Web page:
During the recent National Institutes of Health AD conference—AD: Setting the Research Agenda a Century after Auguste D.—nearly 200 leading investigators interspersed a series of presentations with lively discussion sessions. Organizers chose this important centennial anniversary of Dr. Alzheimer’s presentation of the case of Auguste D. at a scientific meeting to ask speakers to provide an overview of the status of current research from their particular perspectives and to articulate the critical questions and issues that need to be addressed for continued progress in AD research.
The National Institute on Aging, which leads the federal effort supporting AD research, will use these insights and recommendations to guide its plans and priorities over the next few years.
Presenters discussed familiar topics, such as the role of beta-amyloid and tau, the use of animal models, genetic and environmental risk and protective factors, the relationship between AD pathology and clinical manifestations, neuroimaging, neuropsychological evaluations, drug development, and clinical trials.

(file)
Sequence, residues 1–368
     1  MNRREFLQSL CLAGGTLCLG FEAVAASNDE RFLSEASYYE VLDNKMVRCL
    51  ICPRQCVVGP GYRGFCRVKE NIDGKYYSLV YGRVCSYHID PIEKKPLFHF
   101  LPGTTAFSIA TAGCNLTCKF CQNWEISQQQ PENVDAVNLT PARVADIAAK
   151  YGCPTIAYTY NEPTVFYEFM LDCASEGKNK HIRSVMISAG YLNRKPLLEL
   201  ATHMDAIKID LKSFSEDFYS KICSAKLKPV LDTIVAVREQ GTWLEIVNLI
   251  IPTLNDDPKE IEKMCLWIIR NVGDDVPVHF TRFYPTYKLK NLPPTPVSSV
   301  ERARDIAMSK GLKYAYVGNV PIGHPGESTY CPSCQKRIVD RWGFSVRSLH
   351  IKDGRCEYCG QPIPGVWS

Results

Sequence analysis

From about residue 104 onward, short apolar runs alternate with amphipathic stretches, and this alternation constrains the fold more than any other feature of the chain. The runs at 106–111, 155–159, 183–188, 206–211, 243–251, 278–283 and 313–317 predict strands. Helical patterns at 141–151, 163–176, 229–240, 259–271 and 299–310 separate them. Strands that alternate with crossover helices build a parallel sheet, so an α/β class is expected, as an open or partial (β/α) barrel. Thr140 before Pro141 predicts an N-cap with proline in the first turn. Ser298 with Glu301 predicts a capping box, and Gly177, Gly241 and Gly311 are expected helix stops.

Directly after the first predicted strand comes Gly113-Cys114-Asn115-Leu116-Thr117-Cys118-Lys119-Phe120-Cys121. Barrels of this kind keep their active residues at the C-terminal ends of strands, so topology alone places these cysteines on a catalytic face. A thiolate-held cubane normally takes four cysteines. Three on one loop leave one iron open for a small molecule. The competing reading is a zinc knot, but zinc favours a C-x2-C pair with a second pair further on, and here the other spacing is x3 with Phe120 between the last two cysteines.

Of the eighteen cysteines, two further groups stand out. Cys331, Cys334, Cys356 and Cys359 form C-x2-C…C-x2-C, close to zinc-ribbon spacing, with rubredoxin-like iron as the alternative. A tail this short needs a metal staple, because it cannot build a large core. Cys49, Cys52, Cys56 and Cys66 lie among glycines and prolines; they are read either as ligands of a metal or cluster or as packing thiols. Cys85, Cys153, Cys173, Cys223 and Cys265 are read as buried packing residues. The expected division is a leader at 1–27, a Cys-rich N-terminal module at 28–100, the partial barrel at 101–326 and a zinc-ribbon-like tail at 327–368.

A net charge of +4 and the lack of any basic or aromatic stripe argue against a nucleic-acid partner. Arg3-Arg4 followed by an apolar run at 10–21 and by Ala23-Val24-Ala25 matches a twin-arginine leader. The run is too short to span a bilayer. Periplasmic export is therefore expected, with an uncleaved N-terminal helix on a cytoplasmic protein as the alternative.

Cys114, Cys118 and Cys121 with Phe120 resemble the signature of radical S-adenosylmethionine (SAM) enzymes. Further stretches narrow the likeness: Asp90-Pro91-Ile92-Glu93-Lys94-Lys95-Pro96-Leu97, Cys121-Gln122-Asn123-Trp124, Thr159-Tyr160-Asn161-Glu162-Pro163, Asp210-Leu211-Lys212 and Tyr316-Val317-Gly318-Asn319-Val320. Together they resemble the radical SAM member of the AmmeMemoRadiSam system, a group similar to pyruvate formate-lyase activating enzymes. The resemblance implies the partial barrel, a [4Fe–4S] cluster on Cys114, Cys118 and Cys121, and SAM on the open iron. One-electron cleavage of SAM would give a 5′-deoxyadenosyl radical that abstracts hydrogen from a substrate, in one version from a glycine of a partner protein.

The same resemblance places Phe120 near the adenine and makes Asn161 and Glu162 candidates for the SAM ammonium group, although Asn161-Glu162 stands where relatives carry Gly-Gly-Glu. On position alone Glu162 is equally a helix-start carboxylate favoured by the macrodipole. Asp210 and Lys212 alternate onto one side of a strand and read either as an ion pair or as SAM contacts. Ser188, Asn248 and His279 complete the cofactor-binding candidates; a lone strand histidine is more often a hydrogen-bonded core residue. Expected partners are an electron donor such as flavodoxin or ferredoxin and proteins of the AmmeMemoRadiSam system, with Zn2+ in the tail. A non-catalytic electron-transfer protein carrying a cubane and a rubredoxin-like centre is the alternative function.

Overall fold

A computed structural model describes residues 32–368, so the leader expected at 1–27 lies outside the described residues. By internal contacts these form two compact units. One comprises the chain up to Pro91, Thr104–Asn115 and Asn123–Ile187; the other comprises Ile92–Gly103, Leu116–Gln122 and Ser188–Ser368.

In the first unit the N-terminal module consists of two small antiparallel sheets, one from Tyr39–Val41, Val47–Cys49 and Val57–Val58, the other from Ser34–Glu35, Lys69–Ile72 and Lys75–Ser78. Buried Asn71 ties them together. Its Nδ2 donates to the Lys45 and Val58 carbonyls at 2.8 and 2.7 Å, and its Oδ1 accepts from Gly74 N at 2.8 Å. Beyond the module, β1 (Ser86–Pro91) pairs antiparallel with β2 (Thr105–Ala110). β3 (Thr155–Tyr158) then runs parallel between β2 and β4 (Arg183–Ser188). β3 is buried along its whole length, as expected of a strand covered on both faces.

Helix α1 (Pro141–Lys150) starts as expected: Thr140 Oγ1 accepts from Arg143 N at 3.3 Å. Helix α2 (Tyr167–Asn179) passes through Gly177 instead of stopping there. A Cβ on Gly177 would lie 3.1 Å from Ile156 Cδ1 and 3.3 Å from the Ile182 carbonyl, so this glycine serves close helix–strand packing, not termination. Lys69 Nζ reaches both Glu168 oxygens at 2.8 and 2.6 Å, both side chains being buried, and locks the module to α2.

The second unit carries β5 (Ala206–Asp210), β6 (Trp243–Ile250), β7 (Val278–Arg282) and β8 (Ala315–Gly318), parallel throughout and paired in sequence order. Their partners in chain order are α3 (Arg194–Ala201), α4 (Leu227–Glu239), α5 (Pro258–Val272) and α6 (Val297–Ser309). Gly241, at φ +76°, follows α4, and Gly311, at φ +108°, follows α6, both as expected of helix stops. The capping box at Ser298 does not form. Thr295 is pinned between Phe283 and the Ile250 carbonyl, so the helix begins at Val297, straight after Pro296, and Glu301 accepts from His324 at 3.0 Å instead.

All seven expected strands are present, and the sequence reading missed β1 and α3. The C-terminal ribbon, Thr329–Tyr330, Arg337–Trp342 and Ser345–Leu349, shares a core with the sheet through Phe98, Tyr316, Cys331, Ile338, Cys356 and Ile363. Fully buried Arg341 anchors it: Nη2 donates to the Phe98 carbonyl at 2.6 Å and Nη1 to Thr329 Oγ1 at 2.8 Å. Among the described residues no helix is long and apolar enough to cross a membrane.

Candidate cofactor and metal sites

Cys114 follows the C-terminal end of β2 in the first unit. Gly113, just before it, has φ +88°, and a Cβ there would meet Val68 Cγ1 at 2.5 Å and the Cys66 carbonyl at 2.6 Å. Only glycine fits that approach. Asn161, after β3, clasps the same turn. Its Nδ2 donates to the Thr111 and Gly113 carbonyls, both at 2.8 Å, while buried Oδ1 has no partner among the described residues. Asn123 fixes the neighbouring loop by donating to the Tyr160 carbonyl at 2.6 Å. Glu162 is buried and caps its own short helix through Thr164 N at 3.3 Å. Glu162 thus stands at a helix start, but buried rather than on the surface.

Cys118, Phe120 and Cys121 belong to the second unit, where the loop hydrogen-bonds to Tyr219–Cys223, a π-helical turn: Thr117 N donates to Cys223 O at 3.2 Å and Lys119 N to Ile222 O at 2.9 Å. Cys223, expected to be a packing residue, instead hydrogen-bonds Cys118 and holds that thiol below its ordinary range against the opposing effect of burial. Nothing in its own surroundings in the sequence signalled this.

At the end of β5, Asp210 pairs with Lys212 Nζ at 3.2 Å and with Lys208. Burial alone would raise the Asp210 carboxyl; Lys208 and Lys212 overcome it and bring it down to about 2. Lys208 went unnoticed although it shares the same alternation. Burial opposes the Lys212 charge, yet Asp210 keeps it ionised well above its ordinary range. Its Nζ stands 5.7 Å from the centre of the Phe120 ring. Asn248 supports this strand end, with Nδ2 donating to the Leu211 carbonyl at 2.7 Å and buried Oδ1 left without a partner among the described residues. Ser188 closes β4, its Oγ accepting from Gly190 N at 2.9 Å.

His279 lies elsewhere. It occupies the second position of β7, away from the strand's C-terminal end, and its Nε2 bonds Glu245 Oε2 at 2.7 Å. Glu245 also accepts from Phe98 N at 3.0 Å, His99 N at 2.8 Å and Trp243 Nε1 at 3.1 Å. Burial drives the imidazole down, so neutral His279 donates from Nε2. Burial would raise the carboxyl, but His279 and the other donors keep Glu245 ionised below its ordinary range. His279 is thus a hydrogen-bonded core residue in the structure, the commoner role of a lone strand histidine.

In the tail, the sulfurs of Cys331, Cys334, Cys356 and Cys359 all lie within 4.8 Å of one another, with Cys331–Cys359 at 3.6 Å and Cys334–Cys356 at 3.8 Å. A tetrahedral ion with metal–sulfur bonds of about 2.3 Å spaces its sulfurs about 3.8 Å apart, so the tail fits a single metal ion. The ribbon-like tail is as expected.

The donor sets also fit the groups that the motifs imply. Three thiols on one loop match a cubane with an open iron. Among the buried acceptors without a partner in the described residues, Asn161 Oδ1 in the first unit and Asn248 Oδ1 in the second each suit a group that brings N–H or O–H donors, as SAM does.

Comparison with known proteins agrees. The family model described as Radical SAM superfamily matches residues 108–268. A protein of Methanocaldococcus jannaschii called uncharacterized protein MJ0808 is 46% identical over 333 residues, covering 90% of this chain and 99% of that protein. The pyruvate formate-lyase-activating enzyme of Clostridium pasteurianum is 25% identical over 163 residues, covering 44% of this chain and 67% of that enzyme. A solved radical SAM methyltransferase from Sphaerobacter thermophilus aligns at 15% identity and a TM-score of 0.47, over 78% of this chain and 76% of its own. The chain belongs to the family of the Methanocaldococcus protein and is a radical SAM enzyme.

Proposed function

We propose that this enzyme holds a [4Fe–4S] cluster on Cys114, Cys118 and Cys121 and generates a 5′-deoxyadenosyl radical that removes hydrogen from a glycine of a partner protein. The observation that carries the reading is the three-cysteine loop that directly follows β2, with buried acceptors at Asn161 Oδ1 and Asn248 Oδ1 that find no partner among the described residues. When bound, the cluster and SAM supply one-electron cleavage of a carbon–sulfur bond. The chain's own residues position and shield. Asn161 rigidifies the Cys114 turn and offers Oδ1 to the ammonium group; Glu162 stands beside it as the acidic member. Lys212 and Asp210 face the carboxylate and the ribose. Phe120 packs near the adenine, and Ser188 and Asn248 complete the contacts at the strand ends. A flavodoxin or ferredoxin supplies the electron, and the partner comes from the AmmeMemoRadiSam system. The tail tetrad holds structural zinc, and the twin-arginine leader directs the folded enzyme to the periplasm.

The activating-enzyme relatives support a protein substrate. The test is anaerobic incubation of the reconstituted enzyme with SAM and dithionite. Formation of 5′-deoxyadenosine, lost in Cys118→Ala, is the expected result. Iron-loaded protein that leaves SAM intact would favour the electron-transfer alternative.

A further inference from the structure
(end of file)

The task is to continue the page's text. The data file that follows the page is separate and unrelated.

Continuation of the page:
They also focused on emerging areas of interest, such as vascular mechanisms at work in AD, the relationship of normal age-related changes to changes in AD, the use of biomarkers to track disease progression, common mechanisms among neurodegenerative diseases, and the role of neural networks in modulating the effects of AD pathology.
The presentations, discussions, and recommendations reflected a growing appreciation among these experts of just how complex a disease AD is. Many factors interact over many years to cause the development of AD, and as a result, it is likely that multiple approaches will be necessary to manage, treat, and prevent the disease.
The conference was cosponsored by the Neuroscience and Neuropsychology of Aging program of the NIA, the National Institute of Neurological Disorders and Stroke, the National Institute of Mental Health, the National Institute of Biomedical Imaging and Bioengineering, and the National Institute of Nursing Research.